Readers weighing in at SearchEngineWatch.com voiced some doubts as well.

You can't try it for yourself until Wednesday, but Bing's promotional video will give you a taste.

What would it take for you to switch from your current, preferred search engine? For that matter, what is your preferred search engine—Google, Yahoo, or something else entirely?

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Digital Culture Shock

Today I went to see mom for the day in Bertie County, NC, and catch up on the latest regional news. Like my cousin’s son who just got married and he and his bride are living with his parents. Neither one has a job, you know. She’s really educated, and can’t seem to stick with menial jobs in the area for more than a week at a time.

My cousin from Greenville also stopped by to see how everyone is doing. She’s been in med school off and on for 20 years or so, and is qualified to do several jobs, but still attends school at ECU as her main career. After spending a week home with her dad she’s ready to get back to Greenville and away from his pity party.

For sanity’s sake, I went next door to my cousin’s house who is building a ramp on his deck for his father-in-law to be able to visit. Uncle Bill came over, and we all talked about digital TV for a little while. I explained why the new TV receivers and boxes need to scan for TV signals. He didn’t understand why when he selected a stations’ analog channel number on his digital set, nothing shows up. That’s because we all aren’t on our final channel assignments until June 12th. The box has to search for channels, and you can’t punch it in unless you know, for example, my station is on channel 55 right now. They asked about antennas, which they are already set with the best there is, since they are not close to any stations at all. They all have a problem getting the ABC affiliate in New Bern at that distance. They asked about power efficiencies and how they get more channels per stations, and I explained bit rates, etc. They actually had some great questions.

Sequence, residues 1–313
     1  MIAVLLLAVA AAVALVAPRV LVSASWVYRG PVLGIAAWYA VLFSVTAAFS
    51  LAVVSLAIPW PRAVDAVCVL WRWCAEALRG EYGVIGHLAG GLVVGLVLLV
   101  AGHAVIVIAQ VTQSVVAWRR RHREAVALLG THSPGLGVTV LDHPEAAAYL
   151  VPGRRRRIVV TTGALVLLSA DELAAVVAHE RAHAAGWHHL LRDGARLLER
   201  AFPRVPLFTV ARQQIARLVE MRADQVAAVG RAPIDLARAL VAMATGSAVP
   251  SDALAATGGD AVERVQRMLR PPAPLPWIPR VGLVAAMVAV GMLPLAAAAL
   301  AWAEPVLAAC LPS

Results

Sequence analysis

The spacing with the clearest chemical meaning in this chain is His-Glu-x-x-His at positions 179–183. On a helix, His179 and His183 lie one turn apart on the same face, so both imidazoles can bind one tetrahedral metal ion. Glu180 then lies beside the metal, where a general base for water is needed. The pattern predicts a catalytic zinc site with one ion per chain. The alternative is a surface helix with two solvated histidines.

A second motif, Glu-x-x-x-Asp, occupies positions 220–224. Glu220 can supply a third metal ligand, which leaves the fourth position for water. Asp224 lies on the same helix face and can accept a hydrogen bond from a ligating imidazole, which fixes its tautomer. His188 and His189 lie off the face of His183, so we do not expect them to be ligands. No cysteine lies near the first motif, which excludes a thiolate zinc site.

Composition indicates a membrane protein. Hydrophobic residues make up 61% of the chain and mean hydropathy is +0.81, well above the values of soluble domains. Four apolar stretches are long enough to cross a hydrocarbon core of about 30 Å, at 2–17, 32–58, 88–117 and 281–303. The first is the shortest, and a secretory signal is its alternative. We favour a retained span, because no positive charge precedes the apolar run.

Somehow we got on the subject of Star Trek and evolved to Gunsmoke. None of us could remember if James Arness, who played Marshall Dillon, was still alive or not. I pulled out my Blackberry and opened up Google, and searched for James Arness. Yep, he’s still around, has his own website, and is very much alive. His brother Peter Graves however, passed away in 1994.

We kept talking, and they both admitted they hated their cellphones, and needed to upgrade. Not to a smart phone, to one they can use to actually talk on. You remember, actually calling someone and talking instead of sending text messages? It hit me that I use my phone for data and texting a whole lot more than using it for conversations.

I went back to mom’s and sat in the swing for a few minutes, before my cell phone got a text message one of my analog transmitter cabinets went down. I went to the car, pulled out the laptop and connected to the Verizon Wireless EVDO data network, and logged into the station’s VPN. I opened a program and typed in the address of my transmitter, and reset the transmitter from the yard. Know Ye that mom does not have internet, and if she did, it would be dial-up.

We went inside to eat dinner, and watch my sister station’s 6PM news on WNCT in Greenville. I realized on the way home, I had covered the full range of how people get news and information in one day. Gossip, face to face conversations, internet, and TV. Uncle Bill did make one comment I found funny in a way, when he said “(he) could certainly live without some of this technology” He admitted his cell phone usage is mainly calling a neighbor about going fishing.

Technology makes my job easier when it behaves. When it crashes, I can’t function! My uncle would be happy sitting in the boat all day without his phone, but I on the other hand, would feel more secure knowing I could call for help if I needed it. I guess we all have to find how digital technology can enhance our lives, without taking it over.